They use this balance to pay each other how much they owe the other banks.
The BOE makes it easier for this account to take place.
        1. non-operational balance

The BOE forces the other banks to deposit within the central bank. It is used to control the money supply (= masse montaire).
The banks dont earn any interests.

      1. to the government
The BOE holds the governments bank accounts and organises the government income and outgoing.
The name of the governments account is : " Exchequers account ".
The BOE receives all the money from tax revenue and has to pay out all of the money necessary for all government spending (ex : unemployment benefit, maternity benefit,...).
As the outgoing are usually very high, the BOE is also uncharged with the public debt.
But the deficit is compensated by the BOE : it raises finance for the government.
      1. to the central banks abroad

Foreign central banks have an account with the BOE where they can keep their gold reserve and a account.

    1. organising the borrowing for the government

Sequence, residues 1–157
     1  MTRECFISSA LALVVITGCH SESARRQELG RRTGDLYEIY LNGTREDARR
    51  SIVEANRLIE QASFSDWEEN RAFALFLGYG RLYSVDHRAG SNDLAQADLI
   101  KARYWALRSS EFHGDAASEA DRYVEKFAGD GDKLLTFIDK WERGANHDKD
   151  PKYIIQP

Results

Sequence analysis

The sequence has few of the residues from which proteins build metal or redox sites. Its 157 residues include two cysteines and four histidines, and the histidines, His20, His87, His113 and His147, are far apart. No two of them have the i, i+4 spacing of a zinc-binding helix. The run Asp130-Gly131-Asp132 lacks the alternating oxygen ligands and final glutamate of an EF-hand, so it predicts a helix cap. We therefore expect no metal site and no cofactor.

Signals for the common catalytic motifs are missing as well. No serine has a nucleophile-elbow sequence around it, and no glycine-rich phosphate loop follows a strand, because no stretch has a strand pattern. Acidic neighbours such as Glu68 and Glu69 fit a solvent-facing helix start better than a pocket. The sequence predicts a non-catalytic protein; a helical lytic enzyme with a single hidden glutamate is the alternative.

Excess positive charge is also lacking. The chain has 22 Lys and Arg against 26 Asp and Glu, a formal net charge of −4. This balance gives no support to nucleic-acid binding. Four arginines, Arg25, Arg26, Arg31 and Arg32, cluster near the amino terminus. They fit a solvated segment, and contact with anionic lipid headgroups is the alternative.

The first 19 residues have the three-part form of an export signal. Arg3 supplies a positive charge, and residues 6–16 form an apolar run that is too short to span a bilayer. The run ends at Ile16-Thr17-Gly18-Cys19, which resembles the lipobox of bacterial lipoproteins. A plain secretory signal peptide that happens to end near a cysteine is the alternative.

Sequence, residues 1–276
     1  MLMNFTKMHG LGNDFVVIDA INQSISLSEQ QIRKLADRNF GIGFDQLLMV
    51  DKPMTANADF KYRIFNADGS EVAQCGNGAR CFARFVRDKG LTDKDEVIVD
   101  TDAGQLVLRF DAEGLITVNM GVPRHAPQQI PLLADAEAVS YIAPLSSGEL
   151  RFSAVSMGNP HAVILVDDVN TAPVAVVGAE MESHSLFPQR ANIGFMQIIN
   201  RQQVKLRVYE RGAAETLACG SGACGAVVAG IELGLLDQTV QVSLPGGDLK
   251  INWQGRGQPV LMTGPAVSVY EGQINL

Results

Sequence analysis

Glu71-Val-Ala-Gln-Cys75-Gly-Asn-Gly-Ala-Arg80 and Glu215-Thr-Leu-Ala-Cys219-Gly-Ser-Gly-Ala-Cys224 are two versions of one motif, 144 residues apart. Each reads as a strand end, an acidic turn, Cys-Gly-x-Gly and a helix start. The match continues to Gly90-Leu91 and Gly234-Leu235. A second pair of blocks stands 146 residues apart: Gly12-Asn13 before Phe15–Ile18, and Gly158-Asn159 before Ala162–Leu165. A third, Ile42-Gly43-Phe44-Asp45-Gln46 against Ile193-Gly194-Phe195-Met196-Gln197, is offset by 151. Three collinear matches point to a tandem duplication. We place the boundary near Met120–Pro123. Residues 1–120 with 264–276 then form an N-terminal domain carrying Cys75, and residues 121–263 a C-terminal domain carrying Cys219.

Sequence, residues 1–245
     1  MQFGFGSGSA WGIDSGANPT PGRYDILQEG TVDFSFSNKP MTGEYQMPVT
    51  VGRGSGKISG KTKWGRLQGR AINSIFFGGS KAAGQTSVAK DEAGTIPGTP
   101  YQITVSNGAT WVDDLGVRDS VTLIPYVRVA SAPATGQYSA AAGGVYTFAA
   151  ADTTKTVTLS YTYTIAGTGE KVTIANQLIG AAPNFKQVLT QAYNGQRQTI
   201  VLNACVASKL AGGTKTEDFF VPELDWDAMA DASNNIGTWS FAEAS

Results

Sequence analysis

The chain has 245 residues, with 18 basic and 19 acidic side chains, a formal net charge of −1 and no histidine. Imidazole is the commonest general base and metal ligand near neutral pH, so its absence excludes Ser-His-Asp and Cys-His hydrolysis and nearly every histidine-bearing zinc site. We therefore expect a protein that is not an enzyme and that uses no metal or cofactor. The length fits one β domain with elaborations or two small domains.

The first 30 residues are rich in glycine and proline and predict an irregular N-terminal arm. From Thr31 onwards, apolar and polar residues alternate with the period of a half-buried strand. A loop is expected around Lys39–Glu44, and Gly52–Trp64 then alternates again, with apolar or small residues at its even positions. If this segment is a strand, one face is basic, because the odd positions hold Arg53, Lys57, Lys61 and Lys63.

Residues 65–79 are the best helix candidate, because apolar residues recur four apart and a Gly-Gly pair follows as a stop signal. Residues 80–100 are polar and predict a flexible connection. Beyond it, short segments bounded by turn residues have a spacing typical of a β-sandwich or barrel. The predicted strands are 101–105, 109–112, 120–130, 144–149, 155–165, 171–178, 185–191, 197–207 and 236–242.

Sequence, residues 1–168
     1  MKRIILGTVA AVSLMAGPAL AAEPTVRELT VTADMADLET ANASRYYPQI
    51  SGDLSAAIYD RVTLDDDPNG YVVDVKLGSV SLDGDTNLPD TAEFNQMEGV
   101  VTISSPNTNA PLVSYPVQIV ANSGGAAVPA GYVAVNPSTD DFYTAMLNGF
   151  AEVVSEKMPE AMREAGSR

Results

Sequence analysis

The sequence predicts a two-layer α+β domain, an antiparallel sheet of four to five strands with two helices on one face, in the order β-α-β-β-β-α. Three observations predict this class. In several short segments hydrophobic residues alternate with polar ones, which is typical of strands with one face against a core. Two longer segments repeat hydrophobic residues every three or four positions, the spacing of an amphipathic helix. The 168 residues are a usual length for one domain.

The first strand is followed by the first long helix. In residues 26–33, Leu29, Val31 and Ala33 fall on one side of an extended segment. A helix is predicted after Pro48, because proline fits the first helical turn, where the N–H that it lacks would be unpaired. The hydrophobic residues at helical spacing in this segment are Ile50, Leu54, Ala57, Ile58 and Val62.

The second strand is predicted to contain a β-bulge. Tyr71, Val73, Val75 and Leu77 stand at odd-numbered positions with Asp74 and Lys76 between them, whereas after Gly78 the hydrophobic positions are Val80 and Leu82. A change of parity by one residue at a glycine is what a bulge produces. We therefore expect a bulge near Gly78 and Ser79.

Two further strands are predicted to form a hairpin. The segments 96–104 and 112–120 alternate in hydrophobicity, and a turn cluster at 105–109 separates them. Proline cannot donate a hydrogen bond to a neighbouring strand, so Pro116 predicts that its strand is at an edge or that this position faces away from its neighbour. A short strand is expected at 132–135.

2. The BOE organises government borrowing on behalf of the government.
      These are referred to as The national debt.
      (To service the national debt = to pay its interests as it is due.)

      The BOE borrows from the public and from the other banks.
      (Public Sector Borrowing Requirement : Income - Expenditure.)

      Two ways to do so :

      Gilts

      Treasury Bills

      1. long term : gilts
Gilt-edged stocks are bonds (= obligations) : a loan to the government
Over a long period of time (5 to 40 years)
At a fixed rate of interests (retail price index linked).
Bonds can be exchanged on the stock exchange, so the BOE is the registrar of the stocks.
The BOE :
Pays the interests on the bonds
Repays the loans at the end of the fixed period
Issues more gilts as the government needs to borrow money
      1. short term : 91 day treasury bills and the role of discount houses
        1. mechanism of the TB
TB are financial documents and commercial instruments existing since the 19th century.
They are sold to other banks or discount houses (which regard them as a near cash investment) every Friday.
They dont have a fixed rate of interest : it fluctuates from week to week according to the demand.
        1. role of the discount houses
DH are a financial institution dealing with governments money.
There are 11 DH in England.
They are an intermediary between the BOE and the commercial banks.
DH have a deposit in the BOE (0.35% of their total reserve).
When they have a deficit, the clearing banks withdraw capital from the BOE.
They are responsible for cheque clearance between banks.
DH deal with :
TB
Bills of Exchange
Government bonds near maturity (2 months before they have to be paid)